Turned out one of the remaining trunks of the oak that fell on the roof of the storage building a while back decided to put the squeeze on the Bachelor Rooster Containment Center.

Spang blocked off the chute between the pen and the night fortress, raising all manner of questions about protected places to house the roosters for the night.

But more importantly, forced the awareness that this cabin, all the storage buildings, even the main chicken pen, surrounded by dying oaks waiting to fall on something important.

Nobody got crushed in this one.  The cats were well away, even I was far enough out of reach so only a few leaves and a bit of dust got to me.  But I’ve got lots of trees and not-all-that-many cats.

I pondered it all last night for a considerable while.  If that tree had come down on me there’d have been a lot of hungry, thirsty chickens and felines lying around with Xs over their eyes before anyone got around to wondering how long it had been since they’d seen me and why.

And the fact is, even though I’m a fair-hand at the one-man-band act, I can’t figure any way in hell to bring a lot of these potential crushers down in a way that doesn’t include them falling on the cabin roof.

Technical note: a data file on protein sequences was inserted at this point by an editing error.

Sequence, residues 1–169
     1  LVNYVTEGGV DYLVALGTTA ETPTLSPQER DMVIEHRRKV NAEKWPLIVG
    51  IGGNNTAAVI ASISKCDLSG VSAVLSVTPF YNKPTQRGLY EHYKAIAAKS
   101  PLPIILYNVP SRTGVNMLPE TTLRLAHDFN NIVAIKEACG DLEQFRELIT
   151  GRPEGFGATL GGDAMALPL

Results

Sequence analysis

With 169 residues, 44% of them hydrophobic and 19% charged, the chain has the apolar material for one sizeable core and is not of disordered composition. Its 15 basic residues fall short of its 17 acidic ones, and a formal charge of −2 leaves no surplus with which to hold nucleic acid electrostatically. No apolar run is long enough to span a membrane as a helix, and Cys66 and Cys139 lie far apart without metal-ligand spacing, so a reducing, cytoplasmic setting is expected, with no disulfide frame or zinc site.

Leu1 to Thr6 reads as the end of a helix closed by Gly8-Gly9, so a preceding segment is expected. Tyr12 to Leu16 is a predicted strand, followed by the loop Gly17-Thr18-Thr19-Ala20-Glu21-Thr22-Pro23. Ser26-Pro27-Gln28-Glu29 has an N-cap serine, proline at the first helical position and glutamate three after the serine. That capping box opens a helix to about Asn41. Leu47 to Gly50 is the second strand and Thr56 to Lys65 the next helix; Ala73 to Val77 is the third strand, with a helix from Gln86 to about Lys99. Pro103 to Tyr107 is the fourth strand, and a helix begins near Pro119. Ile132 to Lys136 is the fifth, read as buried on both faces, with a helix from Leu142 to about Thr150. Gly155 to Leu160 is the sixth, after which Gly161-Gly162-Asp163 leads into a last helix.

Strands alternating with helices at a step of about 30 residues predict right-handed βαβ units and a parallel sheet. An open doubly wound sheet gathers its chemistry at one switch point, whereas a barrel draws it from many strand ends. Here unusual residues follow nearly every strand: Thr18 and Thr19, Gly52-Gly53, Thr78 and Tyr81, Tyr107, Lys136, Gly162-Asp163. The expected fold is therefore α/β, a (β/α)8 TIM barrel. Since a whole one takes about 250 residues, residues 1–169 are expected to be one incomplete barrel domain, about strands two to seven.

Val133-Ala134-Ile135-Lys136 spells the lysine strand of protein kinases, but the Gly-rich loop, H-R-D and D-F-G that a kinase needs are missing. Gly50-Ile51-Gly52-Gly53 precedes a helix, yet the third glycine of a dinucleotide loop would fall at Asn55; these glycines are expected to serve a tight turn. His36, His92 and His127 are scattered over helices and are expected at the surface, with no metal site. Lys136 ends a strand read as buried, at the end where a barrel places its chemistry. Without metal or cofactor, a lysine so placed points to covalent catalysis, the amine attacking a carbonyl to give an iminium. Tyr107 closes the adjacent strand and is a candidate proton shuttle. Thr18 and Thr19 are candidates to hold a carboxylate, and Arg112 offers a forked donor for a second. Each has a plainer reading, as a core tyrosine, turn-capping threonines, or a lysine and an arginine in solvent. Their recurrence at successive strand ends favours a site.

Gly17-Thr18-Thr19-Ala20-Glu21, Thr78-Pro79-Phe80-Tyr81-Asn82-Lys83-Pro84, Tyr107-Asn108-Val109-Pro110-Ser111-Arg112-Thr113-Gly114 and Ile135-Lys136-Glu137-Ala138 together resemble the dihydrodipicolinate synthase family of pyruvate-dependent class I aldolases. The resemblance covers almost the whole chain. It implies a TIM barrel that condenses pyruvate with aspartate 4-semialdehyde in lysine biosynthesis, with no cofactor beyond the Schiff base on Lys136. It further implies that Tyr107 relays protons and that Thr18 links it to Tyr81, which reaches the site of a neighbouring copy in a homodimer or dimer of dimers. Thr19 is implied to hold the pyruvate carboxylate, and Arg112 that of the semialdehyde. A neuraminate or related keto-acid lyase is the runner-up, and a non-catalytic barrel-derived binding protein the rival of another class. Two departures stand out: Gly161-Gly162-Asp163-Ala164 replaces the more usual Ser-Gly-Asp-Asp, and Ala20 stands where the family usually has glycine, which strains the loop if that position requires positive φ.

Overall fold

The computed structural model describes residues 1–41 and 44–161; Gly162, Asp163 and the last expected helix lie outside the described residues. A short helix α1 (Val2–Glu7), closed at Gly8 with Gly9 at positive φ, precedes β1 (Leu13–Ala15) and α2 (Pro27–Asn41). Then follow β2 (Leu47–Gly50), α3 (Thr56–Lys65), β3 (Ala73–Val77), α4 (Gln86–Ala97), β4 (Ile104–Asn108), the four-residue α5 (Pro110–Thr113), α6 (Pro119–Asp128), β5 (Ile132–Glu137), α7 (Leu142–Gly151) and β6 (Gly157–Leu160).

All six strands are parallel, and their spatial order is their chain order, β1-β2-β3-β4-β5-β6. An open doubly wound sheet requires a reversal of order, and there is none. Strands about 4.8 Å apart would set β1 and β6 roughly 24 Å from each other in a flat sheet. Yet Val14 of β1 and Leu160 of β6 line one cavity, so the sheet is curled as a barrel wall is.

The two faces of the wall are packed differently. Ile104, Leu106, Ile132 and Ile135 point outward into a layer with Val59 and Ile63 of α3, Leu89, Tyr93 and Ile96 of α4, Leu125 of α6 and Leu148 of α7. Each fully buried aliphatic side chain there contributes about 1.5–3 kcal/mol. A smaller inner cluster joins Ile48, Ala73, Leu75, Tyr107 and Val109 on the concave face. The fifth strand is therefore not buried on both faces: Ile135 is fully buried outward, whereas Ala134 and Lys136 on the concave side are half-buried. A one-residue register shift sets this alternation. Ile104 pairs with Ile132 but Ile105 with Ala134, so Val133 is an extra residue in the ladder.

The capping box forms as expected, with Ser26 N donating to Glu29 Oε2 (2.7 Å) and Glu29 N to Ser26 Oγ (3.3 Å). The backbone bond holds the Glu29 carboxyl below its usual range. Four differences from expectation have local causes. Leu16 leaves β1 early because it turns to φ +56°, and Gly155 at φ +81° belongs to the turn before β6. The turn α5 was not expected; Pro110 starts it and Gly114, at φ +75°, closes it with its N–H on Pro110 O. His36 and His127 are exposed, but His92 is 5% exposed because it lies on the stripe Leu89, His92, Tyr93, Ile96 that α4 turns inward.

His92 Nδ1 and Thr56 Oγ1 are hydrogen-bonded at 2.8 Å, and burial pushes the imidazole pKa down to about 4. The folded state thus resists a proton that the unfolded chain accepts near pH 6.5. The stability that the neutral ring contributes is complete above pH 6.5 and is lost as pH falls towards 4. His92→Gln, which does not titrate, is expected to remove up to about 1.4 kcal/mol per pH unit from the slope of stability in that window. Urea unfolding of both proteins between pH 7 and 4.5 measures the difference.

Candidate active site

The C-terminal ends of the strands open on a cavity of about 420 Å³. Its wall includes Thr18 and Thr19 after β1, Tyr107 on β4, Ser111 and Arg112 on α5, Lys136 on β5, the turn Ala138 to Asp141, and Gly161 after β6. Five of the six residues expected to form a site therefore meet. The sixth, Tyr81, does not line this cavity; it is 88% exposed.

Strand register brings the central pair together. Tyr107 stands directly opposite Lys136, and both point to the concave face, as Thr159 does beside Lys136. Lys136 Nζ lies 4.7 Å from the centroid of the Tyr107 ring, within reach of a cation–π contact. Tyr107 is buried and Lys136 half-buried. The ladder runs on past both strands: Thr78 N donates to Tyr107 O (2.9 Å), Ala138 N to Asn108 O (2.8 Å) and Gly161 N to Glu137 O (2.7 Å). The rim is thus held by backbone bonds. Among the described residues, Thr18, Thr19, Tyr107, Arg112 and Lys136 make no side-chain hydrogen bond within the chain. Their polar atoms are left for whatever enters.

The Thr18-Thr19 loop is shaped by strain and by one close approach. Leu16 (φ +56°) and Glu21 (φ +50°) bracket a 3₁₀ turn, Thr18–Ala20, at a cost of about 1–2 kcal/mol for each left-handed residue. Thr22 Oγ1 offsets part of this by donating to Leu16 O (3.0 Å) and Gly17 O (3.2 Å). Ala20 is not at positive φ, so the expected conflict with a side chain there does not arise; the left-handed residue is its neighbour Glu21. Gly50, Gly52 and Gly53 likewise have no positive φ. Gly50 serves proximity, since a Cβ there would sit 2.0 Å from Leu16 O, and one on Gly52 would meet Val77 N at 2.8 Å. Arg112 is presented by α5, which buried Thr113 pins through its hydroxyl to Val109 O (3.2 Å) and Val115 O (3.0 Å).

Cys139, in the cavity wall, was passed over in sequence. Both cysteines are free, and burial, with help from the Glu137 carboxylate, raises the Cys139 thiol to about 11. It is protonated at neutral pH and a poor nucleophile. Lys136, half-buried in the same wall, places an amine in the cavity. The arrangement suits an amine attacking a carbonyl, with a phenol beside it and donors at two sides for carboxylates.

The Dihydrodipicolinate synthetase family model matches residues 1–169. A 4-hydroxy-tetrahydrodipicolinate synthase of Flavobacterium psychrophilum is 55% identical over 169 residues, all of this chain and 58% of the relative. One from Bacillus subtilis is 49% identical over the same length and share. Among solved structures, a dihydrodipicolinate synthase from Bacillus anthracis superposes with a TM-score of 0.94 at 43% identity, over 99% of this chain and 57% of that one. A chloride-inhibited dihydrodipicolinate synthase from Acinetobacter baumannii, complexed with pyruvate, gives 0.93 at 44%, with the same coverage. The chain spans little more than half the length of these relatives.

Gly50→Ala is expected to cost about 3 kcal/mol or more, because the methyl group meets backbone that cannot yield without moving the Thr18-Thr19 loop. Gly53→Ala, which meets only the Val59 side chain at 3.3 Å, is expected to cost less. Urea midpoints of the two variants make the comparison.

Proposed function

So I did a lot of weighing and juggling what I ought to be thinking and doing.  Concluded I first need to scout around for a home for the chickens.  The lady who runs the Habitat For Humanity Thrift Store has a lot of free rangers, along with some goats and two dogs to protect them all.

I reckons I’ll be talking to her next time I’m in town to find out whether she might give them a home.

Meanwhile, maybe put up a tent out in the meadow for summer sleeping until I can feel some confidence the tin roof won’t be sleeping beside me if I snooze indoors.

When I left New Mexico a lot of the reason I felt pressured to do it was the fact of a roof arguing in favor of collapse and an 18 inch adobe wall looking for an excuse to fall.  If Gale hadn’t offered the use of this cabin I’d have had to find a lot less wholesome place than this before the snow flew.

Back to square one, thinks I.

Old Jules